Framed is a new film, flawed and low-budget, but quite interesting as an example of an attempt to rewrite Rear Window as a story about moral dilemmas. Thomas Law plays Karl, who quits his job in order to pursue his dream of becoming a photographer. He becomes intrigued by an attractive female neighbour, and starts to take pictures of her from his London flat, as she appears at her own window in various states of undress.
Karl has a good friend in Virginia (Lottie Amor), who works for a law firm (although she doesn't display in-depth legal knowledge, to put it kindly). She finds out about Karl's photographic pastime and disapproves. Things become a little more complicated when Karl not only keeps snapping pictures but finds himself encouraged to do so by the neighbour. She sends him encouraging messages and starts to pose for him. Then Karl sees a man appearing in the neigbour's flat.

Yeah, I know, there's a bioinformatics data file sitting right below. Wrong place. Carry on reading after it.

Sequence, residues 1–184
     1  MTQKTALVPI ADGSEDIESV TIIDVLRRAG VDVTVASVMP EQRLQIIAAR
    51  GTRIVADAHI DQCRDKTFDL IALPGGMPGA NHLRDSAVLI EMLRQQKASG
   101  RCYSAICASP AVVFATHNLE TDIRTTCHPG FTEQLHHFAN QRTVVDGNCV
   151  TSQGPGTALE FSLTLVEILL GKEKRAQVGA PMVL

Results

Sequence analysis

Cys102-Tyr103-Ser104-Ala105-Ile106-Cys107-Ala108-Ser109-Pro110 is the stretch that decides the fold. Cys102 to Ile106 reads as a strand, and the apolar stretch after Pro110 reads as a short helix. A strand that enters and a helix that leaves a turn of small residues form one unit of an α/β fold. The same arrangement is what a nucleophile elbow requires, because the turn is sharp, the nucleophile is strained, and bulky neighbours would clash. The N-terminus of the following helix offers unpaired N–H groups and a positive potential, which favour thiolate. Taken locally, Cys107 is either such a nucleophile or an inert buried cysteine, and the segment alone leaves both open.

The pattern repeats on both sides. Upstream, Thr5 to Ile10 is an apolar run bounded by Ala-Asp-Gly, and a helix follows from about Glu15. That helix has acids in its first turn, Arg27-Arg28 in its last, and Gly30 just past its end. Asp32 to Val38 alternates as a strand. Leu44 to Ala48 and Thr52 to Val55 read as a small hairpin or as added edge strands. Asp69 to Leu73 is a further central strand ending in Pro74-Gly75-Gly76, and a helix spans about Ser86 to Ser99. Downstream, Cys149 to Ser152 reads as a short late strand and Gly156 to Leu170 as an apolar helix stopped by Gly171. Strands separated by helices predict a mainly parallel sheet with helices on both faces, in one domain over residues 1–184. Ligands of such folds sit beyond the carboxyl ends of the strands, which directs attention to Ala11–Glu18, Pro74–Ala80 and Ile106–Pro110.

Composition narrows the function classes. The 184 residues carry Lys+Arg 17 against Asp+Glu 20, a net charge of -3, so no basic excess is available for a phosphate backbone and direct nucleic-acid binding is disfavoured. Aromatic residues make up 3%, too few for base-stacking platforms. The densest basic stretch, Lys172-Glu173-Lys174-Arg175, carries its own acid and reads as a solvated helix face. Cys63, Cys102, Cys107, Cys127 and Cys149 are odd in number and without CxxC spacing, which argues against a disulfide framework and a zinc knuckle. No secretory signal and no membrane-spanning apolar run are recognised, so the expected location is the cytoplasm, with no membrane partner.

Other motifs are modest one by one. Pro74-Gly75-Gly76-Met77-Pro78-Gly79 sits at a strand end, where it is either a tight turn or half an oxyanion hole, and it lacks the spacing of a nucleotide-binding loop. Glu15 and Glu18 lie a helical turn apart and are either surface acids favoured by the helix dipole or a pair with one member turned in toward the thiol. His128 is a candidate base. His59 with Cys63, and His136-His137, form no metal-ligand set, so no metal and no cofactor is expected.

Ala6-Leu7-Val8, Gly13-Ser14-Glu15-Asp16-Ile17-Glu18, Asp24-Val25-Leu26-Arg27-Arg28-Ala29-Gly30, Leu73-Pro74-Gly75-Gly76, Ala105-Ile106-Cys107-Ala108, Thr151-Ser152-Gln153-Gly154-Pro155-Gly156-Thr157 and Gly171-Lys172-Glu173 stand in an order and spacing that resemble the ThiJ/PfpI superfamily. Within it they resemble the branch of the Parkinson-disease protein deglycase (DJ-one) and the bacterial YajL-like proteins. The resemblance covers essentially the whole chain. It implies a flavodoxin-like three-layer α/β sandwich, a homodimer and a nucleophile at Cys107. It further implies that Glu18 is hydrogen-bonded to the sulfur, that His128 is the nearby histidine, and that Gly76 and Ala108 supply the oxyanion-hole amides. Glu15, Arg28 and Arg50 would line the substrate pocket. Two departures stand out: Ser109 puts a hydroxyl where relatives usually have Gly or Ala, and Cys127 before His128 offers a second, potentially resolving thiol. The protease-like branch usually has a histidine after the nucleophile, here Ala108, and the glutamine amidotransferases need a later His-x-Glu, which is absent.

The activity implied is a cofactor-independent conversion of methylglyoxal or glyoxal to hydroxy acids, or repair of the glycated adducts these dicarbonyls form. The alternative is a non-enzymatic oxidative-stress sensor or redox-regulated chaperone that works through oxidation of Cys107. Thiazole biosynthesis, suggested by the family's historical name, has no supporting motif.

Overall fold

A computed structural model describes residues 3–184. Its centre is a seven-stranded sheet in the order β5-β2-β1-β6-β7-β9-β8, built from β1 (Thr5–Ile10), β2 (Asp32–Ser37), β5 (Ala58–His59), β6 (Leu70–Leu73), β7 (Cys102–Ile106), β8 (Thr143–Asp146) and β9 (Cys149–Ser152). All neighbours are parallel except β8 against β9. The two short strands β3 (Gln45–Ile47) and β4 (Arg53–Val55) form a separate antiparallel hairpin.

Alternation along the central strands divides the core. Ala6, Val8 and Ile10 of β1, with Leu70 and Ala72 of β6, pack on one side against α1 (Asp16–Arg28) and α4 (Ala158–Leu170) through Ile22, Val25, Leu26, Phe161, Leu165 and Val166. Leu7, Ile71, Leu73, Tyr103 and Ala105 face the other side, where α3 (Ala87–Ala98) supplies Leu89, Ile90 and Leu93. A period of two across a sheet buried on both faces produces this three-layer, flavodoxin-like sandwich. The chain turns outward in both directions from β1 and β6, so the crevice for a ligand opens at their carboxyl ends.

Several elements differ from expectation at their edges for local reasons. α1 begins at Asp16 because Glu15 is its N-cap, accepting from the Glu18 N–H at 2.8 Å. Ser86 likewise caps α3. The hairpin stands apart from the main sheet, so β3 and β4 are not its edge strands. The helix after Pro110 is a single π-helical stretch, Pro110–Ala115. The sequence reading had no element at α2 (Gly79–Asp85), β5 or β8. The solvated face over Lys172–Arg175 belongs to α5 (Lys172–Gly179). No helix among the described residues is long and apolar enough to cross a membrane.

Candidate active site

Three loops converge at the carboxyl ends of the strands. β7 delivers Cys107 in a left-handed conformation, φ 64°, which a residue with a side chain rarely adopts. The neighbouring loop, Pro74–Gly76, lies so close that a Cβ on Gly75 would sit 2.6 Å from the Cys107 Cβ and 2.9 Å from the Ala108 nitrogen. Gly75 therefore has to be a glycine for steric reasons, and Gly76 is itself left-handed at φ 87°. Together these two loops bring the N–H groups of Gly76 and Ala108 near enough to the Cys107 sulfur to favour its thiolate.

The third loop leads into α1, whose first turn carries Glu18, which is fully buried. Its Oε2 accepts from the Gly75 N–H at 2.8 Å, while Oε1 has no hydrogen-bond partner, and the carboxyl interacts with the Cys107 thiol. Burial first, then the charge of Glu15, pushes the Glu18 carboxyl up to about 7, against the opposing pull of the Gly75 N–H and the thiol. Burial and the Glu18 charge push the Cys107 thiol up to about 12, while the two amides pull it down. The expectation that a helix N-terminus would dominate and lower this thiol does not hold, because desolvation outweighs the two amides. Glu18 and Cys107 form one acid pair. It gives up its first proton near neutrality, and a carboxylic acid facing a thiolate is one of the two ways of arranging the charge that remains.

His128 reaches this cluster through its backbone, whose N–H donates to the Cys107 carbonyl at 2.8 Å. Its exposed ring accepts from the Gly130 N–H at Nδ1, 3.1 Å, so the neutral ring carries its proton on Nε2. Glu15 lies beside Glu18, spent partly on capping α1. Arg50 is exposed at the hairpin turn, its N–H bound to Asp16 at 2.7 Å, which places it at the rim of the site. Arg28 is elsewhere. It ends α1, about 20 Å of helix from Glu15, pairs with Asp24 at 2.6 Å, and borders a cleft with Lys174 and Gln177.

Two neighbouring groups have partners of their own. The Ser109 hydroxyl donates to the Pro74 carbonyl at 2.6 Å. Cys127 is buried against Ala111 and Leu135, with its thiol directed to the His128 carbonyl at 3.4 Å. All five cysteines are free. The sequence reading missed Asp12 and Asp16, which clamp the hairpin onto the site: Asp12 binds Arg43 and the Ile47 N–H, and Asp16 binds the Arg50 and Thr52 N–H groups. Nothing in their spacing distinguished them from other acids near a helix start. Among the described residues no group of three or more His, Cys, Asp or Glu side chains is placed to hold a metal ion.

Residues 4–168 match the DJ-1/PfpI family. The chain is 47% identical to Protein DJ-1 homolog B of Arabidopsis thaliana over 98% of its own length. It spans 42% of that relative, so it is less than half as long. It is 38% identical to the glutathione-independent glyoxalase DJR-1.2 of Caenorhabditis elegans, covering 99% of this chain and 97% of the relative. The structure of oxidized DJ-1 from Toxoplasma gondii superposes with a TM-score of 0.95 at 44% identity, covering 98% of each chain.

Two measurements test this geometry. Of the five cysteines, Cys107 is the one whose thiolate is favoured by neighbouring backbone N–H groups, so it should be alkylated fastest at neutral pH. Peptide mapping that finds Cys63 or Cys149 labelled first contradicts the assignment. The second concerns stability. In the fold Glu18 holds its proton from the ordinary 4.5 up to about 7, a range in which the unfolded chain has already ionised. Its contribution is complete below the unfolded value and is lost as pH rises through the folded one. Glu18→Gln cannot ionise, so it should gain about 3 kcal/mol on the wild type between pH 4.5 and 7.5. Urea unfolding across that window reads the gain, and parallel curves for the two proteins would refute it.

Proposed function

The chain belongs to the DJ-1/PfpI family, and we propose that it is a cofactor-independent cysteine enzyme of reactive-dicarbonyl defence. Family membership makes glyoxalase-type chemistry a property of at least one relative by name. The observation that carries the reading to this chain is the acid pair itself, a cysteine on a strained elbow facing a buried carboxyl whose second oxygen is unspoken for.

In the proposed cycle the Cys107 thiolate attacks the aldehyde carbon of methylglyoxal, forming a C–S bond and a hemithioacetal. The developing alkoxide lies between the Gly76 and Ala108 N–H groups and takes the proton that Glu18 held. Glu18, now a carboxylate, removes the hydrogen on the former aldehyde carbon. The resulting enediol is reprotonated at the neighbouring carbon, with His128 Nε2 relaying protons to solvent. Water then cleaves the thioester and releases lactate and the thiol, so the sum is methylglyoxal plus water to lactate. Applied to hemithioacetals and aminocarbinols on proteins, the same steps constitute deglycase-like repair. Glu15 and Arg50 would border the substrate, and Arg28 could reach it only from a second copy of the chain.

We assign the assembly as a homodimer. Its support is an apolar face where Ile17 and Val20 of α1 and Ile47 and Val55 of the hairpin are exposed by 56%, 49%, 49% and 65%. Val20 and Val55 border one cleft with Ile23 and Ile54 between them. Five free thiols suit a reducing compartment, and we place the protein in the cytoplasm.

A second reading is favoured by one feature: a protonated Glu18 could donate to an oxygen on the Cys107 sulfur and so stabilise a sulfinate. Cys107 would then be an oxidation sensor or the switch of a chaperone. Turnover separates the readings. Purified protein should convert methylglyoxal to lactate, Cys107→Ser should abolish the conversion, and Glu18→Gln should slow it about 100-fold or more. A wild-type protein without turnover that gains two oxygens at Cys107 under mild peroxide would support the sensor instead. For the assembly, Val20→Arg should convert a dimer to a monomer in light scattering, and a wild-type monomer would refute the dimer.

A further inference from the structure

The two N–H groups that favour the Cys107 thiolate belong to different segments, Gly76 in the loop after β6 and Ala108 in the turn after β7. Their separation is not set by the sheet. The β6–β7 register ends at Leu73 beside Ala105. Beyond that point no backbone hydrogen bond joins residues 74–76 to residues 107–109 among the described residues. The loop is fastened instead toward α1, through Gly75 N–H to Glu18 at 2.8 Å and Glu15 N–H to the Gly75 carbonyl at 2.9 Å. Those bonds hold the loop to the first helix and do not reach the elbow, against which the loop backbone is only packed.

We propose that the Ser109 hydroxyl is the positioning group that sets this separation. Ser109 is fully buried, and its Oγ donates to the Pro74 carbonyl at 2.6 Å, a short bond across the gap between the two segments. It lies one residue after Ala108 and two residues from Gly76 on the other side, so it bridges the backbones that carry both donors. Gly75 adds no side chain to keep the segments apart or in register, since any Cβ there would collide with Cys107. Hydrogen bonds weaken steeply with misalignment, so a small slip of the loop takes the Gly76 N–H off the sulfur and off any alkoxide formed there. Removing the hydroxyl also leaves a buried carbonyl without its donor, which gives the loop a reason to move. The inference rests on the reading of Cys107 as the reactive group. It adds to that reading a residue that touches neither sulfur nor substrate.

There's quite a bit of discussion about personal privacy in this film, although I think some reviews have been over-generous about the merits of that discussion: it's conducted on a pretty unsophisticated level and doesn't strike me as being as intelligent or as thought-provoking as some have claimed. The storyline of the film simply isn't strong or smart enough to enable writer-director Nick Rizzini to make many particularly meaningful or memorable points.
There are thrillerish touches in the film, and an obviously phoney policeman makes an appearance at one point. Judged as a mystery, Framed doesn't succeed, but I don't think it should be judged as a mystery. Karl's naivete and foolishness are irritating, but the two lead actors are an appealing couple, and the real strength of the film lies in the depiction of the way their stuttering relationship develops, despite their disagreements about Karl's voyeuristic behaviour. And because of that focus on character, despite having numerous reservations, I did quite enjoy Framed.